The Public Domain: Mining for Ideas

by Jason Hellerman on October 2, 2014

Much like the Phantom Zone, Bermuda Triangle, or even Atlantis, public domain is one of those nebulous ideas talked about in common conversation that very few people truly grasp.

With films like Noah and Exodus: Gods and Kings crowding multiplexes and studio slates--Sony and Warner Brothers are developing franchises based on titles in the public domain (Greek Gods and Arabian Nightsrespectively)--there's no better place to forage for big ideas that are primed to sell.

Ever wonder why there are so many Oz and Alice In Wonderland movies in development?

Generally speaking, most works in the public domain are older. We're not talking about ancient myths or just the works of Homer, however. The public domain includes any work published in the United States before 1923 or works published before 1964 for which copyrights were not renewed. Even some films have fallen into the public domain.

For those of use who aren't historians, we need only to turn to the trusty Internet for helpful tips and suggestions. One of my favorite sources to find out about works in the public domain is Project Gutenberg. You may have heard of them before, but they're on a mission to make all sorts of projects available to the average citizen once the copyright is free and clear. Their site hosts 46,000 e-books, a treasure chest of free material that waits to be adapted.

We're talking Tom Sawyer, Moby Dick, Jane Eyre, Frankenstein, and fairy tales.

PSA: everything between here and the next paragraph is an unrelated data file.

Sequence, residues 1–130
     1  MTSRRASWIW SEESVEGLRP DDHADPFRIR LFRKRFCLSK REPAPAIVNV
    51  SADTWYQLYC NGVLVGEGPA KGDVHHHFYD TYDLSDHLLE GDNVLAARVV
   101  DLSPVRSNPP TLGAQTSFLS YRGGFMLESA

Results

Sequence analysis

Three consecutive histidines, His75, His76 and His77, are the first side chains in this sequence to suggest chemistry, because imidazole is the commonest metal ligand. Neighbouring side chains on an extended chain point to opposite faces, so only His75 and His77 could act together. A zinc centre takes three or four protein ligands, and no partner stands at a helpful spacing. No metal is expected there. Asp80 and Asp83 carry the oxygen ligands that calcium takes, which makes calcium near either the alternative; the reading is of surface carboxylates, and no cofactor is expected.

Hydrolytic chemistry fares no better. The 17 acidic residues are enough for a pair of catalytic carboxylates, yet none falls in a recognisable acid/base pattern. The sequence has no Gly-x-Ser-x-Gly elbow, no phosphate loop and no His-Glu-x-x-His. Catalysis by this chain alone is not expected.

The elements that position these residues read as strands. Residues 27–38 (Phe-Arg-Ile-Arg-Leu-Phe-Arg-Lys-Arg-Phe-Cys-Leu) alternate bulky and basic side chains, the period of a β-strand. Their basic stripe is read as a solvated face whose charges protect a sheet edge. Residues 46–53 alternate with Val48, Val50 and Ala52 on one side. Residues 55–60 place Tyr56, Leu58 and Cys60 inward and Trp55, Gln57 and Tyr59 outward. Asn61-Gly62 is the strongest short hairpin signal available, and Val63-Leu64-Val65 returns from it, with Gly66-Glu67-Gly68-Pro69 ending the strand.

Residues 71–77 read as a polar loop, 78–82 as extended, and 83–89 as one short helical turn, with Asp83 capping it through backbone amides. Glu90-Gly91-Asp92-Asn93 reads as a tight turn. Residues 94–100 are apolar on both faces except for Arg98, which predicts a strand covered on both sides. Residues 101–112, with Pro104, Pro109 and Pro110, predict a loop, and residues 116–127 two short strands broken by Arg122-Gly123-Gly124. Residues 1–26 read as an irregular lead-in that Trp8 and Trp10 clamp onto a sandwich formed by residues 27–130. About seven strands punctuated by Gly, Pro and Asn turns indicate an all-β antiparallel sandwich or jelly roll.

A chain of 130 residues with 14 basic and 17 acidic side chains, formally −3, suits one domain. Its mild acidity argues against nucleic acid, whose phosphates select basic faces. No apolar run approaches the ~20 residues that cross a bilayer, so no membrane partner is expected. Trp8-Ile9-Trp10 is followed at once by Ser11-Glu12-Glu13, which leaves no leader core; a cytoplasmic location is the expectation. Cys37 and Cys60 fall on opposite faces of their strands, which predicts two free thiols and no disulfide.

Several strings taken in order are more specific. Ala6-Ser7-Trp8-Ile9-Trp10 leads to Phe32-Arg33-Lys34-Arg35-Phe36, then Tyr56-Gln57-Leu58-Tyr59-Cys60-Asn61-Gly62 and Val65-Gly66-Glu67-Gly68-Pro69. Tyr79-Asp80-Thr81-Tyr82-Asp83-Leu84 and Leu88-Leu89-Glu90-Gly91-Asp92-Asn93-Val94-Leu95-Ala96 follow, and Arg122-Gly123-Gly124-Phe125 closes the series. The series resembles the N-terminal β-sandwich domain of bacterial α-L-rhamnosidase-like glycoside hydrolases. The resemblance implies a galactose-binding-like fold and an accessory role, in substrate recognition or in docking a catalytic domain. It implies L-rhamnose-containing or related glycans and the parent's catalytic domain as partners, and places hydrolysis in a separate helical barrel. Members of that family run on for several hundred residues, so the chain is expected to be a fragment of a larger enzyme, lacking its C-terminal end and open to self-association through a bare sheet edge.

Another excellent source is the Digital Public Library of America. Their catalog covers 1.6 million items and is easily searchable for keywords and phrases. The content here is not all free, but outside of sitting in the Library of Congress or hiring a personal researcher, this is one of the best sites to help you get to the heart and essence of the story you want to tell.

Another book full of free stories that people keep going back to is the Bible. It sounds crazy but, given the rise of faith-based filmmaking and filmmakers like Ridley Scott and Darren Aronofsky taking shots at biblical epics, the Bible is an amazing place to peruse for free content. Don't forget the Quran, Torah, and Bhagavad Gita!

This isn't to say we think you should stick to the stories told; just use them for inspiration. Use them for structure. Use them to craft your own, unique spin! It's no secret that Hollywood fiendishly craves intellectual property,  and while you have little to no chance of securing the rights to the next Gillian Flynn novel, your spec about The Count Of Monte Cristo in space (freebie for you) could be this year's hot property.

There are troves of Shakespeare out there primed for the the ready. Remember 10 Things I Hate About You? O? Kurosawa's Throne Of Blood? Even West Side Story's reimagining of Romeo and Juliet won it a bevy of Academy Awards!

Everyone loves an original idea, but sometimes you need a little gas to go along with the spark. Check out the millions of articles, books, myths, and even songs in the public domain and see what sticks. You never know what you'll find.


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